The ICAO Council is expected to revisit the baseline change in 2022 but should the decision be to revert back to the original 2019/2020 baseline from 2024 – after the conclusion of the pilot phase – then even the L-shaped scenario features demand for offsets, around 380 Mt cumulatively through 2035. Demand in the U-shaped scenario would be 1.7 billion tonnes over the total scheme and the demand under the V-shaped scenario would be even 40% higher than business-as-usual because of the lower baseline, to reach almost 3 billion tonnes cumulatively by the end of 2035.

 

Refinitiv analysed the potential outcome if the baseline had not been changed for the pilot phase. It found that applying the same U, L and V scenarios to the original baseline over the pilot phase showed that the need to buy offsets would not be much different under the L-shaped stagnation scenario at all, with no requirement by airlines to buy offsets. Even the moderate U-shaped recovery during this period, airlines would only have to buy 60 Mt, compared to 82 Mt if the pandemic had not happened. Only in the V-shaped scenario, would the need for offsets be higher with the original baseline than if the pandemic had not occurred (217 Mt).

 

Quoting analysis in March by Ecosystem Marketplace, existing offset supply for CORSIA is around 386 million eligible emission units, with another 183 million units in the development pipeline for the pilot phase, more than enough to satisfy even the highest demand scenario, says Refinitiv.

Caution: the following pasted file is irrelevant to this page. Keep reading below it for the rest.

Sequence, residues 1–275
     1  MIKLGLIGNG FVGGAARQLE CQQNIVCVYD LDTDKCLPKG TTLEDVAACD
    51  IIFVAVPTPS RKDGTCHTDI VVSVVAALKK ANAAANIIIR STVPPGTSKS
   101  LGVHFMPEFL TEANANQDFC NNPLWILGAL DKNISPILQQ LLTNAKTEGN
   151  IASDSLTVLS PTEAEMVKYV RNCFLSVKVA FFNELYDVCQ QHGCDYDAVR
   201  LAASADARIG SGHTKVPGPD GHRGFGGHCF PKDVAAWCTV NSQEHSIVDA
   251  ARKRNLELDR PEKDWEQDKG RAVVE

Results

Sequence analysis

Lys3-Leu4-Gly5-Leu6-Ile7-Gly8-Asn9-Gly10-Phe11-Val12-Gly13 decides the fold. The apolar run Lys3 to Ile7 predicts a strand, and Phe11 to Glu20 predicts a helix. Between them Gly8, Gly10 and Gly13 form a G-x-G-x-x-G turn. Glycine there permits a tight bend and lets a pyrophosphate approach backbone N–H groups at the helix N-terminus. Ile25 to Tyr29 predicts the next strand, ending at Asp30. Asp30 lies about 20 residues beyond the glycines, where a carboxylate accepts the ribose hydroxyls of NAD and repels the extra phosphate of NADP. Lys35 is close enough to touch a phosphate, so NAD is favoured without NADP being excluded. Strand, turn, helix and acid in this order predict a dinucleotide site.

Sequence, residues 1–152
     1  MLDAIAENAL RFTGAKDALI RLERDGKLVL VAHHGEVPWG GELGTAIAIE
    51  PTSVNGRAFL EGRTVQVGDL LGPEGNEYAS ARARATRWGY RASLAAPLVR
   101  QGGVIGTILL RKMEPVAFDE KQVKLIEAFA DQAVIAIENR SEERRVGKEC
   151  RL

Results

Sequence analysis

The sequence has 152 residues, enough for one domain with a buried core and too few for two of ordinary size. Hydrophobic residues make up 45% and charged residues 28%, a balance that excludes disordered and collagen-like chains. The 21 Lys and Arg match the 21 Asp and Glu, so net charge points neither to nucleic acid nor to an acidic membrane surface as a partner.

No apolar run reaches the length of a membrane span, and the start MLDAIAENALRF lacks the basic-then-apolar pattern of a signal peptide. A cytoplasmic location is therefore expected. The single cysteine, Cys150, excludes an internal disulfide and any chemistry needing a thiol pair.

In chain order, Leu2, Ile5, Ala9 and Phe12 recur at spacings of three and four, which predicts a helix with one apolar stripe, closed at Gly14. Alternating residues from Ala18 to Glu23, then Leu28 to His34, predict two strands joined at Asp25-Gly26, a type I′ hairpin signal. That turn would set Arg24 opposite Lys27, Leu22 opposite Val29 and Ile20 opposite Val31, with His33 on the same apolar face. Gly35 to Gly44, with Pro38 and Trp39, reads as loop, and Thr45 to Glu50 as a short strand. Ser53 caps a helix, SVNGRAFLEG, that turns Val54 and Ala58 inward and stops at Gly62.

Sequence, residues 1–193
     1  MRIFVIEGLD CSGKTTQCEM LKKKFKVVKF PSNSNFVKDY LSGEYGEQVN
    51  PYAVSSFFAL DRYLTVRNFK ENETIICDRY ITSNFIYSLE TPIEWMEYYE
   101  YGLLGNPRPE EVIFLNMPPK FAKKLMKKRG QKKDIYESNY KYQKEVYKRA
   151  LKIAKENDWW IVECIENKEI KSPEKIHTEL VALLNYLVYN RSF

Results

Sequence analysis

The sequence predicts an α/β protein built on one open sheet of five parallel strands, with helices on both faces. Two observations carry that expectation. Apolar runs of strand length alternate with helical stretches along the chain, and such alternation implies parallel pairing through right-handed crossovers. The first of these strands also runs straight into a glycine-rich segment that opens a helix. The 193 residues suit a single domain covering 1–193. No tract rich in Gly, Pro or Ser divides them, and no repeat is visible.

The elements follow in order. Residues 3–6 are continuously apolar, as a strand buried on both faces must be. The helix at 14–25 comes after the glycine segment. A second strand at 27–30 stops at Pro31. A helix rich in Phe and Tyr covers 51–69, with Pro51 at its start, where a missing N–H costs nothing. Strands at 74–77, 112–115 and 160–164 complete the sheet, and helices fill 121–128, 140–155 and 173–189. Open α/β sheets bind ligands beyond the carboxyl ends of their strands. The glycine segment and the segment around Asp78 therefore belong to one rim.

The study carried by Transport Analysis and Knowledge Systems (TAKS) on behalf of T&E estimated that under a U-shaped scenario there will be no offset obligations under CORSIA for the first four years of the scheme (2021-2024). It therefore calls for effective regulation of European aviation emissions through the retention of the EU Emissions Trading System (EU ETS) as it would result in earlier reductions of emissions compared to CORSIA, which it argues is important from a climate perspective.

 

The study updates a previous study carried out in 2019 with CE Delft. It compared two policy scenarios in which the EU ETS was retained for aviation over the period 2021-2030 with one applying CORSIA for European outbound flights and the other for intra-EEA flights as well as outbound. The new study assumes over the period 2021-2024 international aviation gradually recovers and in 2024 aviation emissions are back to the level of 2019. For the period after 2024, the study assumes the annual growth in aviation emissions is in line with the long-term ICAO forecast of 2018.

 

TAKS has reduced the demand for EU Allowances (EUAs) over the 2021-2030 period from the earlier study and is now computed to 348.9 Mt, down from 418.9 Mt. The reduction in demand will especially take place in the coming years as a result of the effect of Covid-19, it says.

 

Total costs for European aviation using both scenarios over the 10-year period range between €11.2 billion and €24.1 billion, depending on prices of EU ETS allowances (EUAs and EUAAs) and CORSIA offsets for intra-EEA and outbound flights. T&E estimates CORSIA would add up to 17 euro cents, on average, to the ticket price for long-haul trips outbound from Europe and argues the EU should improve its own carbon market as the EU ETS was a much more effective way of reducing aviation emissions.